Notable Battles: Marengo, Austerlitz, Wagram, Eylau, Somosierra, La Moskowa, Quatre Bras, Waterloo.


Guard Chasseurs a Cheval, with Napoleon [Nappy Cavalry Project Set #14]

After the better part of 10 months, after 15 regiments representing four nations, the Napoleonic Cavalry Project is now virtually complete. The 14th regiment is the Chasseurs a Cheval of the Imperial Guard, Napoleon Bonaparte’s personal escort. These dandies look like hussars, though wear colpacks on their heads. I’ve painted Napoleon in his familiar guise wearing the green uniform of a colonel of the Chasseurs a Cheval.

Napoleon and escort (2)

His horse is painted as being his famous grey which bore him throughout many a campaign; the Arabian stallion Marengo (a brief biography of the two is below).

Now it just leaves me to photograph a final parade of the regiments some time before Christmas!

Napoleon and escort (3)

Bring on those photos!

 

Biography: The Chasseurs a Cheval of the Imperial Guard (France)

The Chasseurs a Cheval of the Imperial Guard originally began life as a part of a regiment of Guides raised by Napoleon when just a general in the Revolutionary Wars in 1796. They would go on to become one of the most prestigious regiments in the army, providing the personal guard to the emperor and nicknamed by some ‘The Pet Children’!

In 1800, a single company was raised of Chasseurs, commanded by the emperor’s stepson, which formed a part of the prestigious Consular Guide. This company took part in the narrow victory at the battle of Marengo. By 1802, they finally became a full regiment consisting of around 1000 men with a single company of Egyptian Mamelukes joining them as a part of the regiment later.

They performed a distinguished role at the battle of Austerlitz, badly mauling the Russian Imperial Guard. Missing the battle of Jena in 1806, the 1st Hussars (a regiment painted earlier in this project) had the privilege of escorting Napoleon on that occasion. They would return to personal escort duties in time for the triumphal entry into Berlin. They later took part in the great charge of Murat’s cavalry at the battle of Eylau in 1807.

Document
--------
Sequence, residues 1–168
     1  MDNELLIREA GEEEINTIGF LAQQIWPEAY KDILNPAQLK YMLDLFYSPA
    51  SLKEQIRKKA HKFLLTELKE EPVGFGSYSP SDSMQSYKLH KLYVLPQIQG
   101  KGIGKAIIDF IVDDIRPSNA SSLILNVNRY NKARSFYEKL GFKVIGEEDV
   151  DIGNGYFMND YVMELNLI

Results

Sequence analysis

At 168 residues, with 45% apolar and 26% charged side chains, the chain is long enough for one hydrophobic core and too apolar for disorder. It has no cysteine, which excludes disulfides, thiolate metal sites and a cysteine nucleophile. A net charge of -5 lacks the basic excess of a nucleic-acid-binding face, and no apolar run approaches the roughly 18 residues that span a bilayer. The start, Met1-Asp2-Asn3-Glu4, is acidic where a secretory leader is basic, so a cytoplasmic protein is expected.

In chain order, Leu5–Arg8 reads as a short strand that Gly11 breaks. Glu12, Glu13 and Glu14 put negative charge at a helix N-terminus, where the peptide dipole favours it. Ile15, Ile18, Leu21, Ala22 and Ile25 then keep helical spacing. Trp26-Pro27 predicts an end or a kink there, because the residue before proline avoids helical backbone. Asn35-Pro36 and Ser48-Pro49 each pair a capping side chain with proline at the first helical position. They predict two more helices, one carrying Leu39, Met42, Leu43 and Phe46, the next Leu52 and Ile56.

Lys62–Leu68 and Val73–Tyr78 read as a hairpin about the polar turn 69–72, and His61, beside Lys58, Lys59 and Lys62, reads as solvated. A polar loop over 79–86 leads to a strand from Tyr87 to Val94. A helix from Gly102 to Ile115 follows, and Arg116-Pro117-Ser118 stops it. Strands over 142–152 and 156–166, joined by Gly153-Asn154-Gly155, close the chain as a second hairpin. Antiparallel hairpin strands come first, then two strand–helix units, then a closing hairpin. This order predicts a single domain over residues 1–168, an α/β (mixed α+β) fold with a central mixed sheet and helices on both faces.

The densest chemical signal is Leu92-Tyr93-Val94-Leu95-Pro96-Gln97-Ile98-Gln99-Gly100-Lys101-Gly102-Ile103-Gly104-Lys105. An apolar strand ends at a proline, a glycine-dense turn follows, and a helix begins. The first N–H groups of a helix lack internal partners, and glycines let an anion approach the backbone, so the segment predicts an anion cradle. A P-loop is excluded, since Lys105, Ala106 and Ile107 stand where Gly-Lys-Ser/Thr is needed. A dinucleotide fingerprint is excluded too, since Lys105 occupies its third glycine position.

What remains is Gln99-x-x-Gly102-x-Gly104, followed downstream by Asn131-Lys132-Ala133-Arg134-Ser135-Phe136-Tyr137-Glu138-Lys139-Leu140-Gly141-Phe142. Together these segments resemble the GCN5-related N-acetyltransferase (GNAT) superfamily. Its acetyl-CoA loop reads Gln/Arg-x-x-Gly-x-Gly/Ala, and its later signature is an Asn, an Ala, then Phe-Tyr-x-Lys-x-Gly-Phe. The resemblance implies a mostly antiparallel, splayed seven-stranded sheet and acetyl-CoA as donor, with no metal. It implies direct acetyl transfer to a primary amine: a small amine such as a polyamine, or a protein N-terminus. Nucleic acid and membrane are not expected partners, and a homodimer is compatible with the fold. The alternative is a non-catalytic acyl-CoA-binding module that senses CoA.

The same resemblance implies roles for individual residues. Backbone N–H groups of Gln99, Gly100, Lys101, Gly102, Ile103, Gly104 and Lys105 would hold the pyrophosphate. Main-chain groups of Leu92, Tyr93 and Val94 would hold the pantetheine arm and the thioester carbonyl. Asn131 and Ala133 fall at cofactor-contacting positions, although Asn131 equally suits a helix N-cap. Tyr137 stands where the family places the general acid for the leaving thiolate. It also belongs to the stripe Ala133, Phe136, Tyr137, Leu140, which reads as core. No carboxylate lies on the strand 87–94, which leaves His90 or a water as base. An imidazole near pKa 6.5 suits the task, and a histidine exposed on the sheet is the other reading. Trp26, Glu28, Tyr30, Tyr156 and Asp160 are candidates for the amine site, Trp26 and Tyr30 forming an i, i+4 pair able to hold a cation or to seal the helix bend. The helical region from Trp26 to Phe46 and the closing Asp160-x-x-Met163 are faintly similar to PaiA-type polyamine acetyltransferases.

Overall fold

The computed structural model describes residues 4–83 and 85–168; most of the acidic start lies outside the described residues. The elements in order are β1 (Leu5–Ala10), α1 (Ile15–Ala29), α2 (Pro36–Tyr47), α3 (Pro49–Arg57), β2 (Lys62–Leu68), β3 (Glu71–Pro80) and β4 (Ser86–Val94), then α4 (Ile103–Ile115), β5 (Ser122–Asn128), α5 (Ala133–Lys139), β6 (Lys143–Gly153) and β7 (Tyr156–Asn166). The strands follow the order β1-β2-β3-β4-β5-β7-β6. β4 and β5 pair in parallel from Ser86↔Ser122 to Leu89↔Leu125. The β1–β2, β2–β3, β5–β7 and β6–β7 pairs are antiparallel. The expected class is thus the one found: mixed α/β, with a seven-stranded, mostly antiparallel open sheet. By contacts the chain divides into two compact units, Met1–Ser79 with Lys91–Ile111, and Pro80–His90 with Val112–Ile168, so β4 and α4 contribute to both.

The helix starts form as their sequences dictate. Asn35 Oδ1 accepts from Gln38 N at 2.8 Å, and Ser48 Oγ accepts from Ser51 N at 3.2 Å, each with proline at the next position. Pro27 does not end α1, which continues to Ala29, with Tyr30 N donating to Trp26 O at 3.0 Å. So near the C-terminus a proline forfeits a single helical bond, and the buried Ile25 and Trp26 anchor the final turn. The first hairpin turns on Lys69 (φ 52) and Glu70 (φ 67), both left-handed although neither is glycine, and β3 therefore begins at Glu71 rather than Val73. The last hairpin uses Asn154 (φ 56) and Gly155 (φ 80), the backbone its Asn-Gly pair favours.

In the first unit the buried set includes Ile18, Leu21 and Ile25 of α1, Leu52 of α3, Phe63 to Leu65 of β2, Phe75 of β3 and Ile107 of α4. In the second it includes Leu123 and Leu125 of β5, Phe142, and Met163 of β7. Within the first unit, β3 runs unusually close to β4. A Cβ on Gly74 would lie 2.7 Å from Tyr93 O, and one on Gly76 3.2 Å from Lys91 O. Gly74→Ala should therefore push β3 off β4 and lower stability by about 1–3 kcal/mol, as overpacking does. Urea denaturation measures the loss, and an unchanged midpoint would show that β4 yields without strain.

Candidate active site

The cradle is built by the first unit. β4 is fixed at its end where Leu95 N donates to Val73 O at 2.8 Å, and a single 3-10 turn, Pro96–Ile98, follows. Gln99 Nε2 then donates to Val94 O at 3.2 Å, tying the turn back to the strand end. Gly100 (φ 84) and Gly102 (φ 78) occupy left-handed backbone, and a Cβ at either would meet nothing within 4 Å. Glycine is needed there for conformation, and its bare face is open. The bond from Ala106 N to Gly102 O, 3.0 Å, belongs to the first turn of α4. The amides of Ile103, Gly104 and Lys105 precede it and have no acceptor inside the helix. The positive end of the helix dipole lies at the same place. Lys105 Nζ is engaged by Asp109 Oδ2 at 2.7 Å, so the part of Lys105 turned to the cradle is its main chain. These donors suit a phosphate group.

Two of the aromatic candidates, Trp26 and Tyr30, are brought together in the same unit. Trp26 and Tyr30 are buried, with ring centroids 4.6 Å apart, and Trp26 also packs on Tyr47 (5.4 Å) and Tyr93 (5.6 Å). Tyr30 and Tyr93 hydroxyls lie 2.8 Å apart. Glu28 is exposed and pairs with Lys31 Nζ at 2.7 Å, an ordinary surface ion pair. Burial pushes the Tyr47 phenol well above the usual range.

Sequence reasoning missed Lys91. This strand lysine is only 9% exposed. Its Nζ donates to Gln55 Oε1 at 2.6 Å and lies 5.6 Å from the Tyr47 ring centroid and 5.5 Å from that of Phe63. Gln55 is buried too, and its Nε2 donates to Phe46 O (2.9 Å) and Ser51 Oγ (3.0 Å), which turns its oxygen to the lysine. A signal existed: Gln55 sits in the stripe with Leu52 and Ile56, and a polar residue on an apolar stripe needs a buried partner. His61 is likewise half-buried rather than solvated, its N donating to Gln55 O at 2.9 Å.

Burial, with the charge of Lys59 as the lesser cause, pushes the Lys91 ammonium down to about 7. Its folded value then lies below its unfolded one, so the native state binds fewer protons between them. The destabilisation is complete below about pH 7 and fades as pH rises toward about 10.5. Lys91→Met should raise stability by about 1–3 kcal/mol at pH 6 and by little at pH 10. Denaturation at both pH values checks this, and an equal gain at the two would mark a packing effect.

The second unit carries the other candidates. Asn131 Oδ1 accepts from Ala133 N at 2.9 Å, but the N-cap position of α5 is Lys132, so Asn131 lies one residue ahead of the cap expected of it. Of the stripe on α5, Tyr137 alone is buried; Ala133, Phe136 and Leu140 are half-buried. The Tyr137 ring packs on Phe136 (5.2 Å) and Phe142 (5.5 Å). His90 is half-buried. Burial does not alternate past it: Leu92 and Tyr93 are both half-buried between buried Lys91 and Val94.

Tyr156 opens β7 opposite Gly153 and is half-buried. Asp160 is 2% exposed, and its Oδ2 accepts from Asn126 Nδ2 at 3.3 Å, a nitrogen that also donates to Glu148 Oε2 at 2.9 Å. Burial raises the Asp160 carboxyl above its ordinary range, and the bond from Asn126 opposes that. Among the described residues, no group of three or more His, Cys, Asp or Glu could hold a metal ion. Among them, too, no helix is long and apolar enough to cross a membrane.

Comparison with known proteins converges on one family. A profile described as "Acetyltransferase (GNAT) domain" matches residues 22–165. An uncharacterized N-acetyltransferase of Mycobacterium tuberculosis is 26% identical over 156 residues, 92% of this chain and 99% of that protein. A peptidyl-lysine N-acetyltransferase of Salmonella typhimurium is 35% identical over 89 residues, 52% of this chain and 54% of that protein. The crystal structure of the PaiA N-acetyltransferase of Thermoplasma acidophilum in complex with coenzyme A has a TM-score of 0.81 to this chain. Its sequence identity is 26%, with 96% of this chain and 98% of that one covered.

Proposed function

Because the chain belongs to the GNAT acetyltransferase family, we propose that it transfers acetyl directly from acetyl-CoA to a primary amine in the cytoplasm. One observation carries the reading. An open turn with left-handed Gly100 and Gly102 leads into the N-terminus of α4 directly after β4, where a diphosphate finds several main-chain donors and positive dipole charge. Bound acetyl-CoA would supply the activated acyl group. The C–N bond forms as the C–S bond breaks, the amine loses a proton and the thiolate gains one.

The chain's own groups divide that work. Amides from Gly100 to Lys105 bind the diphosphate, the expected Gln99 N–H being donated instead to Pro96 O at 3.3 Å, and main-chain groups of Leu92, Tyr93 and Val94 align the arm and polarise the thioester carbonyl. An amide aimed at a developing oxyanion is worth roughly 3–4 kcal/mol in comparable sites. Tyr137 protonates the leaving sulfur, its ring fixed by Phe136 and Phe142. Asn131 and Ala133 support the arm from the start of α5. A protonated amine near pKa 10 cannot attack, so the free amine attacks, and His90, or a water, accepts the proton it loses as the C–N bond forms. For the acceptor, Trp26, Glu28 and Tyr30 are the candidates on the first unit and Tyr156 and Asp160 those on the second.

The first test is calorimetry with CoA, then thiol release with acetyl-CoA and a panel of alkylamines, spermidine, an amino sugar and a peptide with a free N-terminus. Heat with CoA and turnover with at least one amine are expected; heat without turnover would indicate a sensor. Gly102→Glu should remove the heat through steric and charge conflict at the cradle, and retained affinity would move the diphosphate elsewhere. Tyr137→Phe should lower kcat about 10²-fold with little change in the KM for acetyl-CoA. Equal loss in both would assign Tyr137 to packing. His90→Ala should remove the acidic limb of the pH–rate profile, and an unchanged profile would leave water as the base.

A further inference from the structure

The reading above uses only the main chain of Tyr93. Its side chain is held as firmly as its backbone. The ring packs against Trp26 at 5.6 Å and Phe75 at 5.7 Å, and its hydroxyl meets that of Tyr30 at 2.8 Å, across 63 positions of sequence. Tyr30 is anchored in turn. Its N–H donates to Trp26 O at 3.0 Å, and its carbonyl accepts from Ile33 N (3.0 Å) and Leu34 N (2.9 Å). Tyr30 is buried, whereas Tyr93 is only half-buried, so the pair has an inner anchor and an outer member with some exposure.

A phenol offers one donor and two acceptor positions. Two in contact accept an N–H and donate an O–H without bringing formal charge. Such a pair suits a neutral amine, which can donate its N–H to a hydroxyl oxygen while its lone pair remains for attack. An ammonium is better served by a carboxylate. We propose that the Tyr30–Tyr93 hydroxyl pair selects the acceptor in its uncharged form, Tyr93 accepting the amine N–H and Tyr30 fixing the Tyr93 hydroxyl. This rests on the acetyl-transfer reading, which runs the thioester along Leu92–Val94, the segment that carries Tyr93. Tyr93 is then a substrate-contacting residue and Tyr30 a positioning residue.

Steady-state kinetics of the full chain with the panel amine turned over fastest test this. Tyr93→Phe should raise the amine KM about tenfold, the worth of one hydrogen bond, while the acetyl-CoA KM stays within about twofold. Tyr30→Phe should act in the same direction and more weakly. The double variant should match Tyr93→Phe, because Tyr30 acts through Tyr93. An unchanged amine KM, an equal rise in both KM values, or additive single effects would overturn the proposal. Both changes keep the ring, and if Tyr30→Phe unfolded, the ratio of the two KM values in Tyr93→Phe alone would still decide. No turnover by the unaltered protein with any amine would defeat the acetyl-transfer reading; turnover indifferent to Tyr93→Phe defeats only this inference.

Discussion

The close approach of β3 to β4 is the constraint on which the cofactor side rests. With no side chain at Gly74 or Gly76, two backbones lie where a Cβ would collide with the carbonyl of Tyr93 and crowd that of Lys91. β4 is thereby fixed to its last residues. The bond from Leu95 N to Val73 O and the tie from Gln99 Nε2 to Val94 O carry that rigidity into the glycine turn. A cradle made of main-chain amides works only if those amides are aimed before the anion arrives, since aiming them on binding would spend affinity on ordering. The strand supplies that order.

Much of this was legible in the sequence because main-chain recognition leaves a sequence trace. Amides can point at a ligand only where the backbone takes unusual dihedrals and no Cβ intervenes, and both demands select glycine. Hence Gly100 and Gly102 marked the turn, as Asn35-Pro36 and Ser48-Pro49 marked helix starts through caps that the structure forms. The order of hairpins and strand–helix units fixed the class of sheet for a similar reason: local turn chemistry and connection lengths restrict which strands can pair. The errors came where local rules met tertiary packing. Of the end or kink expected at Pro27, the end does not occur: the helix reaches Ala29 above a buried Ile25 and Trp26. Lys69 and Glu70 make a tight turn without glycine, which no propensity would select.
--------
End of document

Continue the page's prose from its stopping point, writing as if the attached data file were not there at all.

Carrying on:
During the Spanish campaign, this regiment performed well but was surprised, outflanked and badly cut up by British cavalry, their commander, Général de Brigade Charles Lefebvre-Desnouettes, being wounded and captured.

In the war of 1812, once more under the command of the returned General Lefebvre-Desnouettes, the regiment (as with the rest of the army) lost heavily over the course of the campaign, though distinguished themselves protecting their emperor from a particularly threatening attack by Cossacks.

During the final Waterloo campaign, they formed part of the Light Cavalry Division of the Imperial Guard, numbering some 1200 sabres. Though leading the initial advance on Quatre Bras, they were not seriously engaged and suffered light losses. At Waterloo, they were deployed as part of the cavalry reserve. The Guard Chasseurs were sent in leading the 2nd wave of fruitless attacks against the Allied squares in the afternoon and thus their proud history as Napoleon’s favoured cavalry regiment would finally come to an end.

Napoleon and Marengo: The emperor Napoleon and his horse Marengo formed a partnership at the early years of his rise to power. Imported from Egypt in 1799, the small stallion was a reliable mount and was present (and occasionally wounded) in many of his campaigns during the wars between 1799 to 1815. Together they experienced the battles of Austerlitz, Jena, Wagram, amongst others, and campaigns across the continent from Spain to Russia. They faught their last battle together at Waterloo in 1815. Parted, Napoleon was sent to St Helena in the South Atlantic whilst Marengo was brought over to Ely in England and, no worse for those years campagining, he finally died at the ripe equine age of 38.

Notable Battles: Austerlitz, Wagram, Eylau, Somosierra, La Moskowa, Quatre Bras, Waterloo


 

 

The face of Napoleon

And here he is, approaching his final lick of paint, the man himself; Napoleon Bonaparte!

I still have a few things to do such as hair and the tricolour cockade in his bicorn. He looks somewhat crazed with a wild stare! I don’t usually ‘paint’ eyes because at this scale, I feel it’s more effective to ‘shade’ them. However, Italeri seem to have sculpted them larger and more distinctly than usual with this figure, so I had little option but to try. More through accident than design, I’m pleased with the result.

Napoleon’s wearing the uniform of a colonel of the Chasseurs a Cheval. He’s holding some rolled papers in one hand and his gloves in the other.

Napoleon (2)

His escort, the Chasseurs a Cheval of the Imperial Guard are nearly painted too (a couple of examples are below), so I’ll soon turn my attention to all the horses. Napoleon Bonaparte, of course, will be astride his famous Arabian grey, Marengo…

Vive l’empereur!

Baby, baby, naughty baby,
Hush, you squalling thing, I say.
Peace this moment, peace, or maybe
Bonaparte will pass this way.

Baby, baby, he’s a giant,
Tall and black as Rouen steeple,
And he breakfasts, dines, rely on’t,
Every day on naughty people.

Old British nursery rhyme

I’ve made a start on what are the final figures to be painted in my Nappy Cavalry Project. Not a regiment as such, but rather a special person and his entourage intended for the end of year parade and review. Yes, as the poem suggests, my dignitary is Napoleon Bonaparte himself, the very man who dominated Europe and gave his name to an entire series of wars at the beginning of the 19th century.